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Simulation and the Family Medicine Physician: Current and future applications for technical skills training

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Deborah Rooney's, PhD, talk at the AHEKON Conference on November 5, 2015.

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Simulation and the Family Medicine Physician: Current and future applications for technical skills training

  1. 1. Simulation and the Family Medicine Physician: Current and future applications for technical skills training AnnualInternationalFamilyPracticeCongress November 5, 2015 Deborah Rooney PhD MEDICAL SCHOOL UNIVERSITY  OF  MICHIGAN   Copyright 2015. All Rights Reserved.
  2. 2. Disclosures and conflicts of interest •  None (yok)
  3. 3. My Background •  Medical education since 1991 •  Nine years in surgical education •  PhD in Educational Psychology •  Director of Education and Research, Clinical Simulation Center, University of Michigan (UMCSC)
  4. 4. UM Clinical Simulation Center (UMCSC)
  5. 5. 231523142305 UMCSC Spaces
  6. 6. UMCSC Utilization
  7. 7. Today’s talk: Simulation-based education o  Brief history of developments that influenced simulation Simülasyonu etkileyen gelişmelerin kısa bir tarihçesi o  Examples of simulation-based training for technical skills targeted toward Family Medicine Teknik beceriler için gerekli olan güncel simülasyon bazlı eğitim o  Projected trends in simulation-based training for the family medicine physician Simülasyon temelli eğitimde öngörülen akımlar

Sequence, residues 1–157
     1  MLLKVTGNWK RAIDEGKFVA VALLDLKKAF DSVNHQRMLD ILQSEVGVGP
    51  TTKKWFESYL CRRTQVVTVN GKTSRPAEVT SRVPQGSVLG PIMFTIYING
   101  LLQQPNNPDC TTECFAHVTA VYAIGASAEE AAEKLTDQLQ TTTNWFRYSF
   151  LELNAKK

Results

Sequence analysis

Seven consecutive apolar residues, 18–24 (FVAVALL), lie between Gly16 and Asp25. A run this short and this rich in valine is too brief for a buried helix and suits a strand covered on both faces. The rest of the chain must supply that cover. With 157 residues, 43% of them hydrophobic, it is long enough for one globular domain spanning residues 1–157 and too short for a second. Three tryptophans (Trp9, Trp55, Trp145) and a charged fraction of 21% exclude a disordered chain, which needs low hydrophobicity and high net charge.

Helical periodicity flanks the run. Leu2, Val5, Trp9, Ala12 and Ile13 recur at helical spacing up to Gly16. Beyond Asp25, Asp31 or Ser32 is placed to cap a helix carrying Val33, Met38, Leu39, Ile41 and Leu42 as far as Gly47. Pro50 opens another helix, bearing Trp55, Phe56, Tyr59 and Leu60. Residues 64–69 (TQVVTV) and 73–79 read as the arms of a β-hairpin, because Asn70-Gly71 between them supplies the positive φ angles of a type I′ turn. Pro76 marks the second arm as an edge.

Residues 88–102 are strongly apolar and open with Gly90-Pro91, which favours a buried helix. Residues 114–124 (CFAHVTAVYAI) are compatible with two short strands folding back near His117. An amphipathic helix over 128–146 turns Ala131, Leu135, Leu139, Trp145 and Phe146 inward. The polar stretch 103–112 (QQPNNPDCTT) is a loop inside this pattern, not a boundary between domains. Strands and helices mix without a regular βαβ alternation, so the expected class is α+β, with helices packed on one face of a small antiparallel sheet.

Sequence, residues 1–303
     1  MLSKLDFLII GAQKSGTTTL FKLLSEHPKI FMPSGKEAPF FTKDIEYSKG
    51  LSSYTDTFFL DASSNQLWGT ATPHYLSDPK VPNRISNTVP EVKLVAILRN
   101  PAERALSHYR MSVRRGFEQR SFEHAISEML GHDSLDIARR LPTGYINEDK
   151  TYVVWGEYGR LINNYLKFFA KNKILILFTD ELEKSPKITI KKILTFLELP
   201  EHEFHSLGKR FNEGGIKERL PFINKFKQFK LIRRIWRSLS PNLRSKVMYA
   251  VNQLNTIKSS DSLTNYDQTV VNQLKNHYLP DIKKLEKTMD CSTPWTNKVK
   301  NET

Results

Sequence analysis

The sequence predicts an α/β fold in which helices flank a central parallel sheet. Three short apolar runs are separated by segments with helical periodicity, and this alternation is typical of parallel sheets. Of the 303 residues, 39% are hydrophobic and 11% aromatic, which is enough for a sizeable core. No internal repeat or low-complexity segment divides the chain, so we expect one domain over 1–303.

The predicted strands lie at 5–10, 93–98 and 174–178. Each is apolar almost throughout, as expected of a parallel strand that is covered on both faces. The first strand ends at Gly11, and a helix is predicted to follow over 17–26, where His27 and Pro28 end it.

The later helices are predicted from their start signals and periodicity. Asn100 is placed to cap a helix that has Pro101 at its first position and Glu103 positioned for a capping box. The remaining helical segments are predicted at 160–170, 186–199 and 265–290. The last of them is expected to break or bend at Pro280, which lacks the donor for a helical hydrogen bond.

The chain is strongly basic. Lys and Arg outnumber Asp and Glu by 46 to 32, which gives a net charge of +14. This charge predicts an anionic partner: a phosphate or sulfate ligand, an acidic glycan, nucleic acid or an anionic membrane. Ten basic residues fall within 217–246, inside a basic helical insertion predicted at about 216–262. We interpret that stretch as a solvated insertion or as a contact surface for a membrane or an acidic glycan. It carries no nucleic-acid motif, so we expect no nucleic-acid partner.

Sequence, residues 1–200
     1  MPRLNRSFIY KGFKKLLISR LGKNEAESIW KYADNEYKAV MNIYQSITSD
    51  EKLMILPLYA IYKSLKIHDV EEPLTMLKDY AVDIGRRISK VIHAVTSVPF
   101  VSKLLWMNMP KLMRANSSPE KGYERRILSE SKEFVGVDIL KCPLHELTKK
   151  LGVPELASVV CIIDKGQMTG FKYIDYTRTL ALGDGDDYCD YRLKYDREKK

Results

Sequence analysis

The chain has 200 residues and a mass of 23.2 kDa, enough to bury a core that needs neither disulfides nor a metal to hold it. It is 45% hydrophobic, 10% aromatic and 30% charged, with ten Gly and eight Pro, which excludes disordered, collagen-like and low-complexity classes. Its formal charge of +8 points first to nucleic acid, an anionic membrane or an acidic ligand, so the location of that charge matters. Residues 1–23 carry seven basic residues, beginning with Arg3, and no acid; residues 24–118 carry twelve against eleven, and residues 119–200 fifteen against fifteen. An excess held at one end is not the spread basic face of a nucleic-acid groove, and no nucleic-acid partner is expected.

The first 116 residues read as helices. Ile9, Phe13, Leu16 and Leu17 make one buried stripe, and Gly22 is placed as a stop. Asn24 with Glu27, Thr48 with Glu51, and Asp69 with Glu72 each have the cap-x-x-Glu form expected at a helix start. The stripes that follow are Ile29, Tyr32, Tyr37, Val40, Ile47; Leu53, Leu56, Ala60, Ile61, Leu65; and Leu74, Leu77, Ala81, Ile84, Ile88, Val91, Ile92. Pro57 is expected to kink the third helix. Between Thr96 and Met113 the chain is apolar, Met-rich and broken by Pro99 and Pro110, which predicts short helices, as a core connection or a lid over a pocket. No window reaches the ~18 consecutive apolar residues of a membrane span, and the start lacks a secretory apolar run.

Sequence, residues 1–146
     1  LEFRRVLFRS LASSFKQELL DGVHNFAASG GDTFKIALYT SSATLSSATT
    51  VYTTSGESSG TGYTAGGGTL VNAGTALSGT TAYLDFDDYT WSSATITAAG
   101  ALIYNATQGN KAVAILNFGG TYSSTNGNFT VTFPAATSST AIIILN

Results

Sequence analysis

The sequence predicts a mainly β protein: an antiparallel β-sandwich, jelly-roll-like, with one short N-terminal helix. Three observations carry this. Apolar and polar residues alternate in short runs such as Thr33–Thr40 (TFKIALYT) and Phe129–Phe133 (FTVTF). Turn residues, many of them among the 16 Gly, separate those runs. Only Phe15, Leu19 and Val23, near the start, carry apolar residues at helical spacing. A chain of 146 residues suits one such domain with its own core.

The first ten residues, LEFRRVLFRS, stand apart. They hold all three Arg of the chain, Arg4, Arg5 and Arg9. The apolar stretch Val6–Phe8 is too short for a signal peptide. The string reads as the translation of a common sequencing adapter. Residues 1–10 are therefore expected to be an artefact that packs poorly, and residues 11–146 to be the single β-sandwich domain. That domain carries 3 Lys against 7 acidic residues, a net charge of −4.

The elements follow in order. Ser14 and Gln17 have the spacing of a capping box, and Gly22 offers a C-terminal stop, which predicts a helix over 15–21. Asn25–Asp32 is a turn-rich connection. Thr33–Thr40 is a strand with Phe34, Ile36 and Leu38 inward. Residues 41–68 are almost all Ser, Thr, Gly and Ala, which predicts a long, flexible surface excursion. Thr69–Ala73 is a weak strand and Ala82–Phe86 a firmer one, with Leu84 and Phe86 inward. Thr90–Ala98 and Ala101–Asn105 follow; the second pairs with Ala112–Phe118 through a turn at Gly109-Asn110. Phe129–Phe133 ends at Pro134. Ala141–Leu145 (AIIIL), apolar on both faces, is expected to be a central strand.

8. 8. Simulation-based education is not new Sushruta, 2600 years ago Used specific simulation models for procedural simulation; •  Gourds, fruit, clay pots, leather pouch full of “slime,” mud, or water, bamboo, wax on wood •  Included full size patient simulator for splinting and ligature •  Suture training on the stem of a lotus lily, or cloth
  9. 9. Simulation-based education is not Simulasyon bazlı eğitim yeni değil
  10. 10. n = 2 n = 690 History of Simulation-based Education
  11. 11. 1973 Dr. Gordon introduces “Harvey” History of Simulation-based Education
  12. 12. 1970s Standardized Pts History of Simulation-based Education1973 “Harvey”
  13. 13. 1980-90s Computers History of Simulation-based Education1973 “Harvey” 1970s Std Pts
  14. 14. 1990s Virtual Reality History of Simulation-based Education1973 “Harvey” 1970s Std Pts 1980s Computers
  15. 15. 1973 “Harvey” 1970s Std Pts History of Simulation-based Education 1980s Computers 1990s VR 1998 Standards
  16. 16. 2000 Error 1973 “Harvey” 1970s Std Pts History of Simulation-based Education 1980s Computers 1990s VR 1998 Standards
  17. 17. Development & refinement of best practices •  Invention and proof of concept of specific simulators, skills curricula •  Development of practical tools to support learning and assessment in complex settings •  Application of educational theories History of SBE* for technical skills: 2000 to present *SBE= Simulation-based Education
  18. 18. Educational Theory and Technical Skills: Bloom Bloom, based on Dave, R. (1967). Psychomotor domain. Berlin: International Conference of Educational Testing. Higher order psychomotor skills Lower order psychomotor skills Watch instructor and repeat (copy) Complete task with verbal instruction Combine learned skills to meet novel requirements Apply automatic strategies Perform with expertise without assistance Naturalization Articulation Precision Manipulation Imitation GOAL
  19. 19. Frequency Urgency (risk) urgency frequency urgency frequency (CVC, critical care) Current Trends: technical skills training ( PE, IV)
  20. 20. Address Gap Impact Pt Care Value ? Current Trends: technical skills training
  21. 21. •  M2 (second year medical students), n=12 •  Technical skills training prior to clinical experience; ü Central line (CVC) placements ü Thoracentesis ü Lumbar puncture Kelley S, et al. Impacts of Electives in Family Medicine on Preclinical Medical Students. Society of Teachers of Family Medicine 2015 Conference on Medical Student Education. Addressing gaps: SBE preclinical training